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FBI Points Out Safety Tips To Prevent Infant Abductions

Posted by Accutech on Oct 16, 2012 12:14:08 PM

Thankfully, infant abductions are a rarity. But it does happen and 2012 has seen its fair share. Although all of the abducted infants were recovered, one of them tragically ended in the death of the mother.

 

Former nurse Verna McClain is charged in the murder of a mother in a Texas parking lot and the abduction of her newborn son. Photo by AP

 

A recent article published by the FBI states that analysis of abduction cases suggests that abductors are finding new and troubling ways to obtain babies. This may include using violence to commit their crimes. Social media is also playing a role as a method of location and abduction.

“For the most part, women are no longer going into hospitals and dressing in nurse’s uniforms and walking out with children,” said Ashli-Jade Douglas, an FBI intelligence analyst who works in the FBI’s Crimes Against Children Unit and specializes in child abduction matters. The increasing use of anti-abduction technology makes obtaining an infant from a hospital more and more difficult.

The women who commit these crimes are usually between the ages of 17 and 33,” said Douglas, who provides analytical support to the Child Abduction Rapid Deployment Team. “Usually they are unable to get pregnant. Often, they will fake a pregnancy in the hopes of keeping a boyfriend or husband.” In most cases, she added, the women intend no harm to the infants—and maybe not even the mother. “They just want a child to raise as their own and will do anything to get one.”

The article goes on to identify a woman who used social media to get close to the mother of a newborn, befriended that woman and ultimately abducted her two-week old infant after being invited to stay with the mother in her home.

“Parents should check their privacy settings on social networking sites,” Douglas said, and they should always use caution online. Privacy settings can sometimes be confusing and may change without notice. This can mean that photos, comments and locations may be visible through a simple online search.

The FBI has some recommendations on how new parents and their families can protect their children both online and in the home:

  • As much as you want to tell the world about your new arrival, the Crimes Against Children unit recommends against displaying the traditional pink or blue balloons or yard signs welcoming the baby. These are literally flags alerting a potential abductor of an available infant.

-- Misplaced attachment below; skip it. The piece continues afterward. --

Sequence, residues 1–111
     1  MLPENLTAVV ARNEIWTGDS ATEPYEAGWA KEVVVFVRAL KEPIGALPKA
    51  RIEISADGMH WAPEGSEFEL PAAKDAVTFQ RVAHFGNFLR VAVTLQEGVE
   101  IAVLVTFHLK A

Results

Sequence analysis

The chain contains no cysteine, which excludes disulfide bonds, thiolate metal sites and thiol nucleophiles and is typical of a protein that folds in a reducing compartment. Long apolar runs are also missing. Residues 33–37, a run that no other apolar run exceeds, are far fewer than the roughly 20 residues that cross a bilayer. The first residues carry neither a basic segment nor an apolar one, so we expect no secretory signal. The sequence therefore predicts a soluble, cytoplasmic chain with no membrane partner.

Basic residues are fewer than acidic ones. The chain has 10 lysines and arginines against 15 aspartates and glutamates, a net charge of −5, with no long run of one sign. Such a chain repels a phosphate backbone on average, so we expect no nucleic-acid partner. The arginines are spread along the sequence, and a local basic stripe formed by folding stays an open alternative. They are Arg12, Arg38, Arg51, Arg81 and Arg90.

• New or expectant mothers (and other family members) should always be aware of their surroundings and who they encounter. They should avoid giving strangers any personal information if someone attempts to start a conversation that involves the infant. Asking to many personal questions may be a warning sign.
  • Make sure online privacy settings keep your social media profiles available only to people you want to see your photos, location or other information. Photos contain information that can tell an abductor where the photo was taken so they can locate you. It’s probably even a good idea to refrain from posting where you will be at any given time.
  • Even if you think you may be overreacting you should report any suspicious activity, odd behavior of strangers or unusual attempts to contact you. “You may not think it’s important,” the FBI’s Douglas explains, “but that type of information allows us to track incidents and it could help prevent future abductions.”

It's also a good idea to discuss infant protection procedures with any prospective hospital before you choose where you will deliver your baby.

It’s sad that the joy of new life must also be tempered with caution. The chances that your bundle of joy will be taken from you are remote, but being careful will help increase the safety of your baby as well as your family.

Accutech’s Cuddles infant protection system is the state of the art in infant protection. Hospital staff in partnership with our technology will keep babies safe while they’re in the hospital. Our soft, self-adjusting bracelets are unobtrusive and comfortable, but will warn staff and security of any unauthorized movement of the baby toward an exit door. The Cuddles system also integrates with other security and access control systems already in place. It’s affordable, easy to use and vital to keep babies safe.

Topics: Cuddles, News